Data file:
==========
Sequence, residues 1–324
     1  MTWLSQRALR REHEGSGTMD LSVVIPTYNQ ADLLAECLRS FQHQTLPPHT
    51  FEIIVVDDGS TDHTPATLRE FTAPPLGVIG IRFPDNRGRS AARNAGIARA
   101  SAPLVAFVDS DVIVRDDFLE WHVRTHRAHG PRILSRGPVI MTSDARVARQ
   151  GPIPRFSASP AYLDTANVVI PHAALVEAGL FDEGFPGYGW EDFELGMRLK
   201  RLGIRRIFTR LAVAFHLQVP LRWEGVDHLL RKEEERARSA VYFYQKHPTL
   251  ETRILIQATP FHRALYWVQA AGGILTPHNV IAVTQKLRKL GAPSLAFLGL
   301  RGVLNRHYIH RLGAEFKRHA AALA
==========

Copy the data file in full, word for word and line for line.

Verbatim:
Sequence, residues 1–324
     1  MTWLSQRALR REHEGSGTMD LSVVIPTYNQ ADLLAECLRS FQHQTLPPHT
    51  FEIIVVDDGS TDHTPATLRE FTAPPLGVIG IRFPDNRGRS AARNAGIARA
   101  SAPLVAFVDS DVIVRDDFLE WHVRTHRAHG PRILSRGPVI MTSDARVARQ
   151  GPIPRFSASP AYLDTANVVI PHAALVEAGL FDEGFPGYGW EDFELGMRLK
   201  RLGIRRIFTR LAVAFHLQVP LRWEGVDHLL RKEEERARSA VYFYQKHPTL
   251  ETRILIQATP FHRALYWVQA AGGILTPHNV IAVTQKLRKL GAPSLAFLGL
   301  RGVLNRHYIH RLGAEFKRHA AALA